Repo2docker image size differences when run on different machines

I’m using version 2023.06.0 of repo2docker to create a custom kernel image for JupyterHub. I have a mostly empty github repo (only has a requirements.txt file)

when I run it on my Mac like this

jupyter-repo2docker <repo-link>

it results in a 2.45GB image. however it’s in arm64 architecture (verified with docker inspect) and I tried different arguments to change the platform but haven’t gotten it to work yet so I decided to just try it on my throwaway Ubuntu VM. However, I couldn’t get docker to run without root, so I just installed everything in root for the purposes of creating the image and ran this

jupyter-repo2docker --user-id 1000 --user-name ubuntu <same-repo-link>

but this results in a 7.52GB image size. why? I thought it would just take whatever base image it uses and install the requirements.txt on top of it, what is making it +5GB in size?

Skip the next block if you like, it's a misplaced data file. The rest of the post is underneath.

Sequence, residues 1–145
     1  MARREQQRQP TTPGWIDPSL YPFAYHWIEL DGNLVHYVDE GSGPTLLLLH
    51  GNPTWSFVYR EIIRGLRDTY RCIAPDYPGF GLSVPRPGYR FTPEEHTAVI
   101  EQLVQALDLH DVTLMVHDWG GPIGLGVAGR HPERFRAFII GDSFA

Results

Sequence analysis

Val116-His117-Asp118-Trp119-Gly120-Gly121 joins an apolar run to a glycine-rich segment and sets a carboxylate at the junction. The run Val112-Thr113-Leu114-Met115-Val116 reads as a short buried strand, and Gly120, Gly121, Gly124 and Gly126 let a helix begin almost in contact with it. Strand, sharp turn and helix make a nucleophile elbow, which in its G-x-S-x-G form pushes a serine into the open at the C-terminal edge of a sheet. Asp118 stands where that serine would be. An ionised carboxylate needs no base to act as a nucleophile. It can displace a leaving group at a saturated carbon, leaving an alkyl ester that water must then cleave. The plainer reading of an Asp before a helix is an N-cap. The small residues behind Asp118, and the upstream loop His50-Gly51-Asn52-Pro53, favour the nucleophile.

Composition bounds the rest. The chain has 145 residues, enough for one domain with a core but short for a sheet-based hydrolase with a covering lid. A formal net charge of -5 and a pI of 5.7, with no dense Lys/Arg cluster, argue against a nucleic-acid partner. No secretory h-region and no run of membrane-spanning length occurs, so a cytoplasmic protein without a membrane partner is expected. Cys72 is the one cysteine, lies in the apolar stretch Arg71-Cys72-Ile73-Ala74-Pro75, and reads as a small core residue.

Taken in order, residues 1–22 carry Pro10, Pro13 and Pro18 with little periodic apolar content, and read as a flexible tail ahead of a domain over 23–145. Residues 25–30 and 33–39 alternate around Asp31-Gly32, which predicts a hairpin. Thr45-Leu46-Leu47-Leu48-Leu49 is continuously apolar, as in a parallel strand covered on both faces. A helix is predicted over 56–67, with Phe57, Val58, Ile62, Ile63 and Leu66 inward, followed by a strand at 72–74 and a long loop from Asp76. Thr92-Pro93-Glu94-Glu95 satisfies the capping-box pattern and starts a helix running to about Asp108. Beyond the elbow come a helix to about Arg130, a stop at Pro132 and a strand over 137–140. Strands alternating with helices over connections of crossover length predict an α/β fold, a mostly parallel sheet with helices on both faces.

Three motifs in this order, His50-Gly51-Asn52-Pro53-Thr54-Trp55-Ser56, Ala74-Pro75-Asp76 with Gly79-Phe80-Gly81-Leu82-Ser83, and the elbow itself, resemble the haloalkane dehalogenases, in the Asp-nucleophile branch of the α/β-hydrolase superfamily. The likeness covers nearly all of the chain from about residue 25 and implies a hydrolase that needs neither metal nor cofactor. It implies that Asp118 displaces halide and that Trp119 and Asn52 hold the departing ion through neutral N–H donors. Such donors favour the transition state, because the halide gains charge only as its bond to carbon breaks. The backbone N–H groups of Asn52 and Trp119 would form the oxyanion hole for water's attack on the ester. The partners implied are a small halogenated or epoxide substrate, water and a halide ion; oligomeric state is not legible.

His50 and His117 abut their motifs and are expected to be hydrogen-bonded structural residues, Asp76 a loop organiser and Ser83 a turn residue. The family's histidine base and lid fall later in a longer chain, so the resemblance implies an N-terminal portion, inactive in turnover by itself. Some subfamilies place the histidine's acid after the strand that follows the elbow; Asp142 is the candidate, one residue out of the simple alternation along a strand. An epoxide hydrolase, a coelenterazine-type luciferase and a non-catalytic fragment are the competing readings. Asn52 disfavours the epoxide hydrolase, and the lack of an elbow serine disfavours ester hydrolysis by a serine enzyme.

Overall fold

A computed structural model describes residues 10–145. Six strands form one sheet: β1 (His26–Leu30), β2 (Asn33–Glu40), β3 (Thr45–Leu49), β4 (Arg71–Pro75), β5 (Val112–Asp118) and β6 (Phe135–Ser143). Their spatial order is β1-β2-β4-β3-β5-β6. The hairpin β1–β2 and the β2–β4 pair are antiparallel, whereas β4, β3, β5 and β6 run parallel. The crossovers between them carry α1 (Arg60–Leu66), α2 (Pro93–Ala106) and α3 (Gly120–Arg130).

So I tried a new combination of args to attempt to create an image in amd64 format - which it did (after several minutes) but it’s also 7.24GB. is this expected for amd64?

jupyter-repo2docker --Repo2Docker.platform=linux/amd64 <repo-link>

Also, still saw this warning during each step:

[Warning] The requested image's platform (linux/amd64) does not match the detected host platform (linux/arm64/v8) and no specific platform was requested

Well, I’ve tried different options but for some reason the image size for an amd64 image always comes out 3x bigger than the arm64 version. This is my requirements.txt: GitHub - lauramariel/gts-jupyter-image: for use with repo2docker

I tried the same with binder-example repo: GitHub - binder-examples/requirements: Simple requirements.txt based example and amd64 was a little bigger but not by much.

amd64: 1.93GB
arm64: 1.71GB

Have you tried comparing the build logs, and the packages that are installed? Maybe your dependencies are built differently for amd and arm? E.g. perhaps one comes with extra libraries, requires compilation, or happens to create more temporary files.

You could try inspecting the image layers to find out which ones are larger than expected?

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